Trial on scaphoid fractures provides practice-changing evidence: "If outcomes of surgery and casting are the same, one should always choose to cast" 

Recent research seems to provide evidence that conservative treatment like splinting and casting could be as effective as surgery for some fractures. Dr. Sami Saku (MD, PhD) discusses the new trend in his article.

Surgery has increased in fracture treatment, even when clinical research supporting the trend has been scarce. In this article, Dr. Sami Saku (MD, Ph.D) discusses a study on scaphoid fracture treatment, which provides practice-changing evidence on why surgery should not always be the go-to option in fracture treatment.
A randomized multicenter trial published in 2020 by professor Joseph Dias et al. titled “Surgery versus cast immobilization for adults with a bicortical fracture of the scaphoid waist (SWIFFT)" found that by applying a cast first instead of operating immediately, the need for surgery is reduced by more than 90%1.
Choosing to cast rather than operate would mean fewer patients would experience surgery-associated complications, such as infection, issues with implants, pain, and nerve damage. The Dias et al. study found that complications such as infection were ten times more likely after surgical fixation.2

"If there is no difference between outcomes of surgery and casting, one should always choose to cast. It carries fewer risks to the patient, is less costly, and less burdensome for the healthcare system”, says Dr. Saku.  

Casting should be the preferred treatment in treating scaphoid fractures

According to the authors of the SWIFFT trial, surgical treatment of acute scaphoid fractures has increased from 22% to 34% in the United States. In Finland, primary surgical treatment increased more than three-fold from 1997 to 2014.3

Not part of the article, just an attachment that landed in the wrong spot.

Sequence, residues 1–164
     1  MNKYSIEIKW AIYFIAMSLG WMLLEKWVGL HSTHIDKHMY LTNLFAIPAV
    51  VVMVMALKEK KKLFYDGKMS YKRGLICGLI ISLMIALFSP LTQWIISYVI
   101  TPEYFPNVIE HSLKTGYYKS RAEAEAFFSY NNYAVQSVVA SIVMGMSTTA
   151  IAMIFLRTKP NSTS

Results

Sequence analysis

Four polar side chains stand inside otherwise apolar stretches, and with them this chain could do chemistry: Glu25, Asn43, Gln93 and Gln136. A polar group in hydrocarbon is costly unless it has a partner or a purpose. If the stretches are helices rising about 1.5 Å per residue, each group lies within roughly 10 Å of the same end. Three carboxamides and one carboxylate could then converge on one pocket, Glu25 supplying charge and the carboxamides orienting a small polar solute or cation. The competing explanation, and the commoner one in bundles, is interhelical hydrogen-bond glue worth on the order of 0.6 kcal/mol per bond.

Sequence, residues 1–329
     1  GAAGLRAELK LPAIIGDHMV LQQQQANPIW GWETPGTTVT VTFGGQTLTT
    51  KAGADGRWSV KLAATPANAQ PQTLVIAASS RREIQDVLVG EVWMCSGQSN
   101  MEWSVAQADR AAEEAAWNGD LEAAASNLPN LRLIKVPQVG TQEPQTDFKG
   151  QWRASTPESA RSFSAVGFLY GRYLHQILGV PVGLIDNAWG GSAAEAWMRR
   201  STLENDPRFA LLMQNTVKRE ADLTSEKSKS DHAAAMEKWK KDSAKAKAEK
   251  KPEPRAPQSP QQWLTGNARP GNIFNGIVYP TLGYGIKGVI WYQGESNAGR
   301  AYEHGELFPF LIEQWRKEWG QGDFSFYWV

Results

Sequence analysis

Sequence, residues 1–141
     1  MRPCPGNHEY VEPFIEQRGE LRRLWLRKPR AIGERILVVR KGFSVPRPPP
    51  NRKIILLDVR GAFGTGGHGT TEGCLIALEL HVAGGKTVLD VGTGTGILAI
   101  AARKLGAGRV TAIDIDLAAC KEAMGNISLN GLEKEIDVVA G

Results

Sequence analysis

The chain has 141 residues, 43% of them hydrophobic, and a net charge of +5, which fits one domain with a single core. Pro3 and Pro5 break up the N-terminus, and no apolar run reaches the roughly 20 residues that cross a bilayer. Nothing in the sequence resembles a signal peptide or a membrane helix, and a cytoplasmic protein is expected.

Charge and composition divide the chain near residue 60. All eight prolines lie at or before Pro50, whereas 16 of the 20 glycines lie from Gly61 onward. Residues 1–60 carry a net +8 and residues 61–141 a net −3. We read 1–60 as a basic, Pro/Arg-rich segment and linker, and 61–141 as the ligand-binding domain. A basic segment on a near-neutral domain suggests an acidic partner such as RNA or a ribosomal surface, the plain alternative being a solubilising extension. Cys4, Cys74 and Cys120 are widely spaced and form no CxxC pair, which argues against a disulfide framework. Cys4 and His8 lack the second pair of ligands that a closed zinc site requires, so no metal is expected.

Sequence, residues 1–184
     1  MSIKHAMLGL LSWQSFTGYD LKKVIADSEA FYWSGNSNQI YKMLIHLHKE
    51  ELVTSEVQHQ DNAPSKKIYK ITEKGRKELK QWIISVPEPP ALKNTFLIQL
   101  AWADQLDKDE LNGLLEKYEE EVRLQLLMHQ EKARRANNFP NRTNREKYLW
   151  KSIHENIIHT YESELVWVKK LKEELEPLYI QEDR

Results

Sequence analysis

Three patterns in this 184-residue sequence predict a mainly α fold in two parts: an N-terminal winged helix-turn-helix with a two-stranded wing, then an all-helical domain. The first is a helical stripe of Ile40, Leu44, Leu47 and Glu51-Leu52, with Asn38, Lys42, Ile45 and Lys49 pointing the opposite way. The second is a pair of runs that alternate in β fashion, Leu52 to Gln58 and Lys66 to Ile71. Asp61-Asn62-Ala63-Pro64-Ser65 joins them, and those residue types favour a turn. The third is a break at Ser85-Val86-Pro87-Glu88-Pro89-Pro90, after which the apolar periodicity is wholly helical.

The current trend for favoring surgery stems from habits and beliefs, thinks Dr. Saku. “The idea to perform surgery on most patients is well-intended, and it is only natural that surgeons might see treating a fracture with metal plates and screws as the stronger and more secure option. However, this research here shows that surgery is not always necessary.”
He notes that the results of the Dias et al. study are in line with previous research comparing surgery and more conservative treatment methods. “Often, the results of this kind of study are that both treatments are roughly equal! But casting is cheaper and logically carries fewer risks than surgery and would therefore be the preferred treatment.”

The herald of a new trend

Perhaps it is too soon to say that this study is a sign of a paradigm shift, but it might give an idea of what is to come. In addition to moving from surgery towards casting, there are also a small number of studies comparing splinting to circumferential casting – though they have yet to show differences in treatment outcomes.
Still, Dr. Saku thinks the trends toward less surgery and less circumferential casts – when possible – are something orthopedic experts should keep an eye on.
“In Finland, for example, we generally prefer splints over circumferential casts for most upper limb fractures, regardless of whether the splint is plaster, fiberglass, or Woodcast. In all cases, the splint must be applied by a trained professional to prevent complications," says Dr. Saku.
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1) “Surgery versus cast immobilization for adults with a bicortical fracture of the scaphoid waist (SWIFFT): a pragmatic, multicentre, open-label, randomized superiority trial”, Dias, Joseph J, et al., The Lancet, Volume 396, Issue 10248, 390 – 401
2) Dias et al., 2020, 399.
3) Dias et al., 2020, 399.

Sami Saku
Head of Research